1. Your service isn’t up to scratch

A high level of customer churn can be an indicator of poor service, meaning you need to do some evaluation of your frontline teams. Good customer service shouldn’t be reserved for new customers – your existing customers deserve great service too.

2. Your product fit or market fit might be lacking

A high customer churn rate might be an indication of a bad product fit. Your existing customers could be finding better solutions elsewhere, or perhaps you’re targeting the wrong audience.

Ensuring your products are aimed at the right audience and developed correctly can help. You should also consider if you’re missing key features that your existing customers have grown to need.

3. You don’t understand your target audience well enough

Though you might have had your current customer base for a long time, that doesn’t mean you always know what they want. As mentioned, your customers might be looking for new features that you’re simply not providing – and that might be a new need that you’re not aware of. The only way to understand your target audience well enough is to track customer feedback and engage with your customer base to know what they’re looking for overtime.

4. Your pricing isn’t right

Your customers might have been willing to pay a certain amount when they first started using your products or services, but that might not be the case now. As the market changes and competitors challenge your offering, your customers might decide that your price isn’t right – and they might leave as a result.

5. Your competition offers better services or products

Even if your pricing is competitive, your competition might simply be more in touch with your target customer base. Trying to retain customers might mean evaluating what you’re offering them in the context of your competition – not just at the beginning, but throughout their customer journey and your business trajectory.

A focus on product iteration and new concepts is, therefore, crucial, as you can begin to provide features and functions that your customers want — and your competitors lack. 

6. Your market is seasonal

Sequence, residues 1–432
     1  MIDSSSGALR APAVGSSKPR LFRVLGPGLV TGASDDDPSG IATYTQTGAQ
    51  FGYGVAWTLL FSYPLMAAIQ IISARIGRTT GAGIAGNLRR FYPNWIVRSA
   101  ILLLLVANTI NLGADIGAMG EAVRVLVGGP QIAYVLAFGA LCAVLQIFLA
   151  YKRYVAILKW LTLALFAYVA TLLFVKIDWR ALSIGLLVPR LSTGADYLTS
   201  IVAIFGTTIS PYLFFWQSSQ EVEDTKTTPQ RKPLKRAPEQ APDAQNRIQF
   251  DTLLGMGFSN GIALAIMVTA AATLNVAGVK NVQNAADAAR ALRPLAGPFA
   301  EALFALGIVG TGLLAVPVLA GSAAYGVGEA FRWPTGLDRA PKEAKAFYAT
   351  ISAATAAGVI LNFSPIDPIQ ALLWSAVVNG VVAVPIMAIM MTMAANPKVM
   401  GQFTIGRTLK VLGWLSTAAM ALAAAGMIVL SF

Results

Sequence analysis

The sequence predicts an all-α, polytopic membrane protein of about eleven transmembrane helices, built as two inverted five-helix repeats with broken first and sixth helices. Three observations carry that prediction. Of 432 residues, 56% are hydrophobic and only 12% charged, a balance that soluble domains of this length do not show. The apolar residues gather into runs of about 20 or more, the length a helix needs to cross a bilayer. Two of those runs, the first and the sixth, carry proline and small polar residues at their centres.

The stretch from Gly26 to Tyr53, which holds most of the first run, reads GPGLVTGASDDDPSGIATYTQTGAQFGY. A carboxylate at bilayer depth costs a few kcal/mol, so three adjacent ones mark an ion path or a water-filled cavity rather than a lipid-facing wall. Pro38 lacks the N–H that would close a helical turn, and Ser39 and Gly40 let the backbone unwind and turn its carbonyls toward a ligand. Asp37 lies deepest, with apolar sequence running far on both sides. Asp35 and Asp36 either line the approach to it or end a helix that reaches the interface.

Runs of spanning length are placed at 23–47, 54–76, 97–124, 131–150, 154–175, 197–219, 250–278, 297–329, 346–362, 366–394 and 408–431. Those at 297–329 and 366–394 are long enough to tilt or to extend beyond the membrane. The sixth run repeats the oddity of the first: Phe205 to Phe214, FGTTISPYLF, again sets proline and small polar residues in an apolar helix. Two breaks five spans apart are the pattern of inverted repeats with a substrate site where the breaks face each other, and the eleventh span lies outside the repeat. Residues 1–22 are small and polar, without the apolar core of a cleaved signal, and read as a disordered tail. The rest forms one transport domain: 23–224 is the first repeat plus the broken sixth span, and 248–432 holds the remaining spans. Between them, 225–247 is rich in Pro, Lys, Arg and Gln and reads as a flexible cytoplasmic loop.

Seasonal markets can have a significant effect on whether your customer churn rate is high. For example, a Halloween store is likely to see a huge influx of new customers in the months coming up to the holiday, with a high churn rate after. If this is the case, evaluating your churn rate in the context of a more sensible time period – such as yearly, rather than monthly – might make more sense.

You can then start to counteract churn by expanding your product/service line or adding to your existing offering to make it more applicable out of season. 

7. Your renewal offers aren’t tempting

A large part of reducing customer churn can be giving customers the right offer at the right time. When the time comes to renew a product or service, your customers might simply be deciding that your renewal offers aren’t tempting enough when faced with other offers elsewhere.

Customer churn analysis and measurement

With each customer who churns, there are usually early indicators that could have been uncovered with churn analysis. There are several avenues to consider when it comes to data, and various methods of analysis to choose from.

Operational and experience insights

Looking at both operational insights (e.g. declining repeat purchases, reduced purchase amounts, and customer service ticket answer rate), as well as experience insights along the customer journey, is foundational to predicting churn. For example, a customer who has declined in recent visits and gives a Net Promoter Score of 7 after their latest shopping experience, could have an increased probability of churning.

Relational feedback

To start understanding the customer’s journey and the experiences they have set up relational feedback requests that help you assess and diagnose key drivers of customer satisfaction.

Transactional experience measurement

Once you’ve gathered relational feedback, you can move into measuring transactional experiences, such as a purchase or post-support follow-up, so you can get a better sense of where you have detractors and build out a plan to follow up with them.

Key experience measurement throughout the customer journey

You can map out the full customer journey and measure the key experiences across them, from the moment there is a need (e.g. to purchase an item, to get help, to file a claim) to the moment it is fulfilled.

Touchpoints need to be handled correctly to ensure customers don’t decide to look elsewhere – make sure you can resolve issues at speed and servicing customers the way they prefer.

The Qualtrics Customer Experience platform can help you not only measure these critical experience touchpoints but analyze and surface key insights, such as likelihood to churn, so you can take action and drive outcomes for your business.

Competition analysis

Your plan to reduce customer churn should include examining your position against your competitors. That can include looking at their:

  • Pricing
  • The current innovation and new product offerings